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Partitioning, diffusivity and clearance of skin permeants in mammalian dermis.
Kretsos-K; Miller-MA; Zamora-Estrada-G; Kasting-GB
Int J Pharm 2008 Jan; 346(1-2):64-79
The partition coefficients (K(de)) and diffusivities (D(de)) of compounds in mammalian dermis were examined through an analysis of in vitro permeation data obtained from the literature combined with experimental results with the test permeant, (3)H-testosterone. The literature data involved 26 compounds ranging in molecular weight from 18 to 476 Da and four species-human, guinea pig, rat and mouse. Testosterone was studied by permeation and desorption measurements employing excised human dermis in the presence and absence of external serum albumin. Mathematical models for both K(de) and D(de) were developed. The K(de) model involved ionization, binding to extravascular serum proteins and partitioning into a small lipid compartment. The D(de) model employed a free diffusivity with a liquid-like size dependence multiplied by a binding factor derived from K(de). An additional analysis considered in vivo dermal concentration profiles of topically applied permeants. Literature data for 5 of 6 permeants were shown to be well described by a previously published model for capillary clearance in the dermis, which leads to an exponential decay of concentration with depth. Computed decay lengths (1/e values) ranged from 210 to 920 microm, and the corresponding clearance rate constants k(de) ranged from 0.9 x 10(-4) to 14 x 10(-4)s(-1) (n=8). Departures from the exponential decay profile are discussed in terms of non-uniform capillary clearance and incomplete attainment of a steady-state.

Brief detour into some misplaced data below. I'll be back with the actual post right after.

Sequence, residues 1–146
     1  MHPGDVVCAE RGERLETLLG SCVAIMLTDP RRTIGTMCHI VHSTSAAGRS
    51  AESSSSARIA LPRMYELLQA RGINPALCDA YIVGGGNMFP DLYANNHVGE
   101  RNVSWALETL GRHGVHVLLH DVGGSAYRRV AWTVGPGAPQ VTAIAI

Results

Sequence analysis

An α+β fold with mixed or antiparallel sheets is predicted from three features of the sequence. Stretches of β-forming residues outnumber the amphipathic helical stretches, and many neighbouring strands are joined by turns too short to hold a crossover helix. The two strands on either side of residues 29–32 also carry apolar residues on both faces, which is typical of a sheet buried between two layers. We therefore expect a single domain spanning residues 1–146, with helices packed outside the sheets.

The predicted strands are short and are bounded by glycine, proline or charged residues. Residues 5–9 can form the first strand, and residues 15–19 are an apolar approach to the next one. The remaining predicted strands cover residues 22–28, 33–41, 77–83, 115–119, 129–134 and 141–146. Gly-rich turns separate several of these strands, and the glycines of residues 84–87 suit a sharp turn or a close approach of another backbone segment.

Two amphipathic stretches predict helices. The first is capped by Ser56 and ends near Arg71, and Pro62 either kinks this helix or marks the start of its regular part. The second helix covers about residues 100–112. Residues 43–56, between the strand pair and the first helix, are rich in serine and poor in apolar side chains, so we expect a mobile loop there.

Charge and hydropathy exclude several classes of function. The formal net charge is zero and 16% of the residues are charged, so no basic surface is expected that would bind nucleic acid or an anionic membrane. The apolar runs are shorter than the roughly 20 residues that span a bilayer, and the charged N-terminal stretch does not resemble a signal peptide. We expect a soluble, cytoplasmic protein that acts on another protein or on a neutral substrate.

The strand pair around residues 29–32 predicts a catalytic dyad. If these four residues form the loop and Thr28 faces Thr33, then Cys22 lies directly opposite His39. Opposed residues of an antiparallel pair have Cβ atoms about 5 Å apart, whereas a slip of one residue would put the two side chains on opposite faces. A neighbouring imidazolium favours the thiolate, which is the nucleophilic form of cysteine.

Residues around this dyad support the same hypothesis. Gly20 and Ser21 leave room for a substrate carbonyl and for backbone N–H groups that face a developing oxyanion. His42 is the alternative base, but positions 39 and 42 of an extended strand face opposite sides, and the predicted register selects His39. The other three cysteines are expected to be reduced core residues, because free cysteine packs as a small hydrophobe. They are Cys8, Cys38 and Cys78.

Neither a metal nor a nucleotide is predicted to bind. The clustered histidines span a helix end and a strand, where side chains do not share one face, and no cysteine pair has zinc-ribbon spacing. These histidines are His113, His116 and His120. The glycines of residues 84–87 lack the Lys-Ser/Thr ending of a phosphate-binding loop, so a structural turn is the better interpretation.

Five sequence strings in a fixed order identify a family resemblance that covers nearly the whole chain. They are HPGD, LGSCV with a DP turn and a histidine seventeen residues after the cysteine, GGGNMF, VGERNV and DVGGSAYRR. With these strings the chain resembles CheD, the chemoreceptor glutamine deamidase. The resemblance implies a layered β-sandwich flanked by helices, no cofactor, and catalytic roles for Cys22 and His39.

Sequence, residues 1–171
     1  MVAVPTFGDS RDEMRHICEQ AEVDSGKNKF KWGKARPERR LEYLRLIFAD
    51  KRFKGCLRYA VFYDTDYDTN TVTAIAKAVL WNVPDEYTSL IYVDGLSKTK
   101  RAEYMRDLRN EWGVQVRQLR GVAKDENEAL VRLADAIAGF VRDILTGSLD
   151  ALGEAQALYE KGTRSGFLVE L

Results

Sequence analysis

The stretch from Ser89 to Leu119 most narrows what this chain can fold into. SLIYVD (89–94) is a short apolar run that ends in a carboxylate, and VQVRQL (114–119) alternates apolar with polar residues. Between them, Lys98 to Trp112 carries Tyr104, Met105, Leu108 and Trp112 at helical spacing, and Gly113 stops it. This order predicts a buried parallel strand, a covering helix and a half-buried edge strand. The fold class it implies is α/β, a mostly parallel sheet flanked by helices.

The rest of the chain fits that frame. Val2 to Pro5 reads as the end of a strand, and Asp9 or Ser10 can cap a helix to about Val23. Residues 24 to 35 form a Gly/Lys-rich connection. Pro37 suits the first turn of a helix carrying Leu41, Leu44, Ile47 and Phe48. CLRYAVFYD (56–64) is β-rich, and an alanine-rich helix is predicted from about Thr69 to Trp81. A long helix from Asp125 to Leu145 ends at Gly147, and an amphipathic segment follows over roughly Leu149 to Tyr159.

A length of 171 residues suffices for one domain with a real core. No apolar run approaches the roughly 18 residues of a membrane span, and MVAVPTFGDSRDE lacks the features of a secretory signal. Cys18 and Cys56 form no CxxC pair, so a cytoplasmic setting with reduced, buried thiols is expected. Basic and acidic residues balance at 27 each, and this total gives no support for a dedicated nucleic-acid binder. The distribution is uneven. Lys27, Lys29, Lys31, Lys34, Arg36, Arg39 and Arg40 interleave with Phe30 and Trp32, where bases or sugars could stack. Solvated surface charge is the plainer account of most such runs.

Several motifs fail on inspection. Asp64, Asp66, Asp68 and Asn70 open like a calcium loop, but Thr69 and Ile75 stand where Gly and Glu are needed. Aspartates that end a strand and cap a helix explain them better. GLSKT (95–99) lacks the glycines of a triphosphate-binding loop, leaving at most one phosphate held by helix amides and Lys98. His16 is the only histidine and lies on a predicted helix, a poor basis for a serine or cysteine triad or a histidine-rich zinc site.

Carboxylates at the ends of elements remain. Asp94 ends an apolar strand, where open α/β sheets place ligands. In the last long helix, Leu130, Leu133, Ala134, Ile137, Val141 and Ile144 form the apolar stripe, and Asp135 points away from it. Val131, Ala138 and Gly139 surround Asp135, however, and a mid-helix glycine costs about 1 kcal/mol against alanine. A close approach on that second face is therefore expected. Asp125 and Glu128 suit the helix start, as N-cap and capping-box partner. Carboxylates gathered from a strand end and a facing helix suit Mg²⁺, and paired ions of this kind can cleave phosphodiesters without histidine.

Diffusion-analysis; Laboratory-animals; Animal-studies; Humans; In-vitro-study; Skin; Cytology; Dermatology; Skin-tests
Gerald Kasting, College of Pharmacy, University of Cincinnati Academic Health Center, P.O. Box 670004, Cincinnati, OH 45267-0004
Issue of Publication
International Journal of Pharmaceutics
University of Cincinnati
Page last reviewed: September 2, 2020
Content source: National Institute for Occupational Safety and Health Education and Information Division